Front Line Assembly
State of Mind


5.0
classic

Review

by NickLizard49 USER (3 Reviews)
September 1st, 2014 | 3 replies


Release Date: 1988 | Tracklist

Review Summary: Bill Leeb creates a poem without words and an artistic and very influential industrial masterpiece.

-my first review-

What is painted in an extremely detailed way in the concept industrial masterpiece State Of Mind, is a distopian planet without man and without God, where the cold and monstrously accurate machines rule and get on undisturbed with their job. They build, put together, assemble and produce undaunted, in an apocalyptic world nearly devoid of life forms.
The occasional, distorted and out of range Leeb’s voice, even if emitted by a human figure, even contributes to the dehumanization of an already exaggeratedly gloomy atmosphere.

Even if the magnificent and marvelous Consequence is governed by melodic and endearing piano and basslines, the next Burnt Soul lacks musical harmony and the melodies are non-existent: drum machine clatters and screeches foreground, with a background of an also automated bassline that expands the decadent and unhealthy ambience, of which this poem is permeated, by using muffled, fragmented, smothered and not melodic at all sonorities.

The impaction of the macabre mechanisms from Burnt Soul vanishes to make room for one of the dark ambient tracks of the composition: Testimony. The beats are far away and alien, as if the listener has moved away from the chaotic factories, in order to take a breath by moving to a rare non-industrialized zone. Here, to the accompaniment of sounds that evoke natural landscapes, there appears to be some hope of recovering an almost devastated world; however, the sudden transition to the dark dance Landslide, snatches any possible bright vision.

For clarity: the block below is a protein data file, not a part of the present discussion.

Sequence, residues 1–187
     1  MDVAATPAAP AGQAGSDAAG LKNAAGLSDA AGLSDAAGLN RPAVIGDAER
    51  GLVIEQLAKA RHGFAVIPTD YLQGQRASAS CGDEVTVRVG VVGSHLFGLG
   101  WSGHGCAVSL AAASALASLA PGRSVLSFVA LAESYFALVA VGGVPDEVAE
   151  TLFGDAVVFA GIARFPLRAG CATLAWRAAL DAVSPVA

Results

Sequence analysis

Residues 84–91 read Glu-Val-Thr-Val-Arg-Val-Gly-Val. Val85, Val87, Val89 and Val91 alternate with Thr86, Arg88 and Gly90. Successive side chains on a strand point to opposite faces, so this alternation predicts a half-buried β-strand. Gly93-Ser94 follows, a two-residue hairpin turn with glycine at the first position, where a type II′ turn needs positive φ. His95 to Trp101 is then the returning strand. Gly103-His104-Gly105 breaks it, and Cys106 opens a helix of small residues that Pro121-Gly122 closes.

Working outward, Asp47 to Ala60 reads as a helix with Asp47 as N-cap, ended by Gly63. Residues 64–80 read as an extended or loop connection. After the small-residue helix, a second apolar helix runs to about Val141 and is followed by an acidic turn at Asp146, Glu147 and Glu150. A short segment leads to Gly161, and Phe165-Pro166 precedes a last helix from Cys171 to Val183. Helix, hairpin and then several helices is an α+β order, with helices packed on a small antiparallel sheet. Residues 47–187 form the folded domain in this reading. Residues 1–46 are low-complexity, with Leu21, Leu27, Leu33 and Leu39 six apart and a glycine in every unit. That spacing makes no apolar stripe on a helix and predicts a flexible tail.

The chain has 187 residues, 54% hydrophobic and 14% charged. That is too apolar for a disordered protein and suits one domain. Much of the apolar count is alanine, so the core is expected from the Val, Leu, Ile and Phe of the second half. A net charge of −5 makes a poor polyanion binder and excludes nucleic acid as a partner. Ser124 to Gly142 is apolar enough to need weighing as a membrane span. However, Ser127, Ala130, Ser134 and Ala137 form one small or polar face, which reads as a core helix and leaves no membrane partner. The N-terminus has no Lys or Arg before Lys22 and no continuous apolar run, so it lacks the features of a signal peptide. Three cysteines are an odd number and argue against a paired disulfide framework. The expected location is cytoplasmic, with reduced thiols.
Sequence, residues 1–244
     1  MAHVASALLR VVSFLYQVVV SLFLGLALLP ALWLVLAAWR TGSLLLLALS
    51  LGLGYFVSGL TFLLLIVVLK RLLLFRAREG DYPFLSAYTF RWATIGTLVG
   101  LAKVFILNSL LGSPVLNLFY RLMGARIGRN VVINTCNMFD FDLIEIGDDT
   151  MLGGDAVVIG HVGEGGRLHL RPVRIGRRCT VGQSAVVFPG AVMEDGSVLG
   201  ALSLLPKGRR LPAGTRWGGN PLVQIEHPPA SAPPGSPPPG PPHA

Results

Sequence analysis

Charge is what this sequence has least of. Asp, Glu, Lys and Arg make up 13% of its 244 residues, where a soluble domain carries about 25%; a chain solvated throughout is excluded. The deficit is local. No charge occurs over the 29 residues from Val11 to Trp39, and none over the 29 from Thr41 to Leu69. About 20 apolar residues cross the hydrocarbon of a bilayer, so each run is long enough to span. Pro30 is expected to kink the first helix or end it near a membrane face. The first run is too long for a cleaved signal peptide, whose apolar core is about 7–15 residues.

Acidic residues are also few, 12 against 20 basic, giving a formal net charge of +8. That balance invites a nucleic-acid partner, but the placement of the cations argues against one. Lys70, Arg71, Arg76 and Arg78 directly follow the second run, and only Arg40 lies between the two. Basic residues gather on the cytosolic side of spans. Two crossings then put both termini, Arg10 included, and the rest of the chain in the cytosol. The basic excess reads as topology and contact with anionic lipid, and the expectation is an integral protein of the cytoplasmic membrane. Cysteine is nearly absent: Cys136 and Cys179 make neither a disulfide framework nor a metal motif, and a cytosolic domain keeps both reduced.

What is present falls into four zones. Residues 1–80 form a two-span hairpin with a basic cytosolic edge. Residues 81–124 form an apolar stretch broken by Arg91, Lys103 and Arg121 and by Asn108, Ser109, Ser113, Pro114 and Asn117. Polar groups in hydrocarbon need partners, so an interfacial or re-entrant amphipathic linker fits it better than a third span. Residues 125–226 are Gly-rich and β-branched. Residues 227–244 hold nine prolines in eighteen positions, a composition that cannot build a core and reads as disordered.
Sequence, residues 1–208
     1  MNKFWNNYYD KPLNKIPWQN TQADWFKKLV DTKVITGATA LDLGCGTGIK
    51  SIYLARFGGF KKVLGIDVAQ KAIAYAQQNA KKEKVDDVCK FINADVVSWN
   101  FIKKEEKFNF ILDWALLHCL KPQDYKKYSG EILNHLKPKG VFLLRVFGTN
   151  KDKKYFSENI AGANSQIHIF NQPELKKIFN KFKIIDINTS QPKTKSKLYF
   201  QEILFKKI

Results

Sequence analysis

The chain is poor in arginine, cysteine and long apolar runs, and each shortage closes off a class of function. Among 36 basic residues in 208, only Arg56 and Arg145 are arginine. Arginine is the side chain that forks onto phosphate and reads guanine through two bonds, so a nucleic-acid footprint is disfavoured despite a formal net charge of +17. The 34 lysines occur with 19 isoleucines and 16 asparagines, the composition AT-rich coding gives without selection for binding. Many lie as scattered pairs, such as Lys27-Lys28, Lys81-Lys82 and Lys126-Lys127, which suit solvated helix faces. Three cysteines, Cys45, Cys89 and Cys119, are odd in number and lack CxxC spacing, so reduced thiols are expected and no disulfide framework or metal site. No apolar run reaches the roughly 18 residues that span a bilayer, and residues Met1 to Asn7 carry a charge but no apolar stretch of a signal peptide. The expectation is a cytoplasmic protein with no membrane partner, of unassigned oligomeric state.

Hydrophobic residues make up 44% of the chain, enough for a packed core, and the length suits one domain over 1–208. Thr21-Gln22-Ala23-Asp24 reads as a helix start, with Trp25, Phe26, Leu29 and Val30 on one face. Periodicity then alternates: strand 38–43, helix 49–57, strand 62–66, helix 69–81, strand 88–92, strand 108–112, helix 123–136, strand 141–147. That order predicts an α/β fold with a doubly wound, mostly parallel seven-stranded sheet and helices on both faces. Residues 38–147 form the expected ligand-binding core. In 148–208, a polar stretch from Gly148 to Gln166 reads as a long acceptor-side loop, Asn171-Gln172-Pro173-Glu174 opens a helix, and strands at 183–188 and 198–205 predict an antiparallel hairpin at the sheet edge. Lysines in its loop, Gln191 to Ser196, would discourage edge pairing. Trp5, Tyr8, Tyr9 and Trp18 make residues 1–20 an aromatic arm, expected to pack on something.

Malignant Fracture represents the extremes of brutality expressed during the album. The layers of beats are by themselves rhythmic, but out of phase, discordant and at different speeds, and it highlights the precision, but at the same time the machines’, seemingly infallible and perfect, possibility of error. The listener can only surrender and get carried through the ruthless production’s worn and never weak meanders.

After the unstoppable, but at the same time velvety and synth-driven Sustain Upright there is one of the better managed tracks of the album: No Tomorrow. A lugubrious melody goes hand in hand with excruciating shouting and samples that make the auditor’s skin crawl and that cause the listener to begin to regret machines, which are almost ubiquitous during the rest of the work; at some point the listener’s wish is granted; however the drum machines’ rhythms are not so vigorous as in the previous tracks: they seem to be nearly suffocated by pain that identifies the screams, which are easily the only human element in the whole album.

At some point the agony ends and the machines’ power is re-elected in the closure of the album And They Shall Bow; here the drum machines begin again to build straight-ahead rhythms accompanied by mournful tunes that resound in the now exhausted hearer’s mind. The melodies, as in the rest of the work, act almost as a counterpoint, constituting the gentler but also the darkest side in the perfectly successful construction of the macabre atmosphere.

An extremely complex and evocative concept album that catapults the listener in a world that no one would like to see, but towards which humanity is possibly heading.


user ratings (24)
Chart.
3.5
great

Comments:Add a Comment 
Supercoolguy64
September 1st 2014


8062 Comments


This sounds pretty interesting. Good review, pos

sputnik1
September 1st 2014


312 Comments


Have to hear this now.

Digging: The Vintage Caravan - Voyage

KevinKC
February 16th 2016


707 Comments


The cover of this always made me stay away.
Strangely, I've got the feeling that the 5 is exagerrated.



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